Non-essentials

Dear Church Family,

Greetings in Jesus' name!

 

Non-essentials are things that simply do not matter, or things that are not a violation of moral law. They are adiaphora. Lying is a moral violation, it is something that matters, wearing a hat in the church building simply does not matter. Biblically speaking it is adiaphora. There are many things that might offend our sense of values but are non-issues Biblically speaking. 

 

The greatest problem with non-essentials is when they become ingrained traditions or are elevated to the status of essentials. This is what the Jews were doing who taught that, to be a Christian, you also had to be circumcised or observe feast days and food laws required under the Old Covenant. Salvation is through Christ alone, not in obedience to customs and traditions. We must be cautious not to impose observance of non-essentials on others or to question their commitment to Christ based on something that simply does not matter Biblically.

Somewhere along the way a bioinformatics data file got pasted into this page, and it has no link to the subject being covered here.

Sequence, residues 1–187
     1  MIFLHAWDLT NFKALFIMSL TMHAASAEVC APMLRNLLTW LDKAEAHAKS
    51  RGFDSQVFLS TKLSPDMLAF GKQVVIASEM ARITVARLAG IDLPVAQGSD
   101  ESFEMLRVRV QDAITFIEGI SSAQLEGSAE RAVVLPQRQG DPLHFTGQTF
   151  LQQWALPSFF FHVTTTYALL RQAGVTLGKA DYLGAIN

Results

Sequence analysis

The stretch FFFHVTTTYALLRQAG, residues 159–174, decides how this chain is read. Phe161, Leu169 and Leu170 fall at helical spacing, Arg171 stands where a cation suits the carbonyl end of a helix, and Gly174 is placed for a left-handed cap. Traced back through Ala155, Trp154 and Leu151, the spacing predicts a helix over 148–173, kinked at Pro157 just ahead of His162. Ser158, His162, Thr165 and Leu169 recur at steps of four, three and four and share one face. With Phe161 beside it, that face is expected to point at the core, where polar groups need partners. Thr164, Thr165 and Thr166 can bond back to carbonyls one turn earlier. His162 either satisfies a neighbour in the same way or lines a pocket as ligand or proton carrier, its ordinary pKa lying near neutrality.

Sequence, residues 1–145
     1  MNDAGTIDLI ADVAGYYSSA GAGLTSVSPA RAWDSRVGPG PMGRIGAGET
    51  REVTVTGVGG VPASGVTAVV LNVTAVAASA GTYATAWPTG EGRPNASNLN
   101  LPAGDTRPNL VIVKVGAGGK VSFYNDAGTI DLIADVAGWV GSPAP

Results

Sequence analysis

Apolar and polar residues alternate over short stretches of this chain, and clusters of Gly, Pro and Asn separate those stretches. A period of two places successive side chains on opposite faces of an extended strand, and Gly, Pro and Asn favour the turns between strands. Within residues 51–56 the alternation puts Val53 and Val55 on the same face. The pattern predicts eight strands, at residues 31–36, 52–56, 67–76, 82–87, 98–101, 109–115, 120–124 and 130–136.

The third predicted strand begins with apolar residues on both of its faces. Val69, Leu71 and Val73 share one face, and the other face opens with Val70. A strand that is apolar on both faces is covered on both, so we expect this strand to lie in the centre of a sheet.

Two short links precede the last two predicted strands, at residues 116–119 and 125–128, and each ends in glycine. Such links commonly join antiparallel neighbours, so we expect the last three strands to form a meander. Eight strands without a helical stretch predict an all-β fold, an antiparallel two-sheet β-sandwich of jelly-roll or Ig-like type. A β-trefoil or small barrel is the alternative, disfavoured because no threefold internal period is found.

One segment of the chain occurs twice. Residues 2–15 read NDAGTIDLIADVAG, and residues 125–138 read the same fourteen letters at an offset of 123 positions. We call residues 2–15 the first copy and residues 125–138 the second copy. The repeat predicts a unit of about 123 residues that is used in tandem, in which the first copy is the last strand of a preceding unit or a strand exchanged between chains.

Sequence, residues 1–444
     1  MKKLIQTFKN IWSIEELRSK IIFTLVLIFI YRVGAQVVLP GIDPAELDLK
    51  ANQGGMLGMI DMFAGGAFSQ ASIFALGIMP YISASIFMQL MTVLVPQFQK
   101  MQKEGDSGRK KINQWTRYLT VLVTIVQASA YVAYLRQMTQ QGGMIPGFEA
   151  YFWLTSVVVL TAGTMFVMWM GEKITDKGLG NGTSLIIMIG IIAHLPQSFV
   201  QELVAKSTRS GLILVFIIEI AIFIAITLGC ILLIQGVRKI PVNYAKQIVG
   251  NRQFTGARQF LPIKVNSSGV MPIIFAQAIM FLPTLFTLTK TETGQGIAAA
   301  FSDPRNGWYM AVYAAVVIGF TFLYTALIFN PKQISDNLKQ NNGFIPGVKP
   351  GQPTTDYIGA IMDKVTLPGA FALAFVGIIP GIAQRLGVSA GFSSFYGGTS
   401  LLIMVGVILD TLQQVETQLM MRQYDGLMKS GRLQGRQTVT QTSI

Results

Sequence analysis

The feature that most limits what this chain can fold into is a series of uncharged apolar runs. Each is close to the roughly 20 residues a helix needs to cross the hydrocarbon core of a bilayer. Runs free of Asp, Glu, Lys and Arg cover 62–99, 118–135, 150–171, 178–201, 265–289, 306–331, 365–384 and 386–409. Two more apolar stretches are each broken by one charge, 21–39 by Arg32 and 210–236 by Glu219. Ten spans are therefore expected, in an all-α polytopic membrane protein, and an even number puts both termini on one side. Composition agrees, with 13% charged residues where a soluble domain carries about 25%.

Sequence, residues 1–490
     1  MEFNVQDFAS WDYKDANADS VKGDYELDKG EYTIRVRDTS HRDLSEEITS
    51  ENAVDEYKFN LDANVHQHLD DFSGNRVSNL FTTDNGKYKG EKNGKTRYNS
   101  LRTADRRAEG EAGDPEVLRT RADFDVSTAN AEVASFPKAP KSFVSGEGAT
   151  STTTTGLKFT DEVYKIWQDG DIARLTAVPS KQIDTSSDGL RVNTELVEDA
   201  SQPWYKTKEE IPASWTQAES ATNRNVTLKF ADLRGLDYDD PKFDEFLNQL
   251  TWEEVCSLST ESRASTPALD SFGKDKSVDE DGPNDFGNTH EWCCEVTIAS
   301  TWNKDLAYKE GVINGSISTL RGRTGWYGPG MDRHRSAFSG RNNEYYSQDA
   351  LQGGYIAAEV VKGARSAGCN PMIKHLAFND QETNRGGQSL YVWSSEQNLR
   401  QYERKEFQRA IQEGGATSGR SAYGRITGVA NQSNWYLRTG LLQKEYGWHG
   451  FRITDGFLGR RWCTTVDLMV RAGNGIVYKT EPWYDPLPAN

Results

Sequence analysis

I knew a preacher who would not eat in a restaurant that sold alcohol. I can respect his personal conviction to live that way and would never suggest that we go to a restaurant that served alcohol for lunch, knowing his conviction. However, it is wrong for him to judge my spirituality if I do eat in restaurants that serve alcohol. It simply does not matter Biblically. When you hold people to your personal convictions and values you are being unfair at best, selfish and un-loving at worst. We must lovingly hold to the essentials and accept the non-essentials for what they are, regardless of our personal passion for it. You may believe that someone should not wear a hat in church, however, it is a non-essential. You may consider it a matter of honor and respect, as do I, but the days where everyone shared that opinion are over. Biblically and spiritually, it simply never mattered one way or the other. 

 

Examine yourself and honestly work to identify personal convictions that you may consider essential which really are not, and then examine whether you have judged someone unfairly because they do not share your conviction.

 

I call you blessed!

Pastor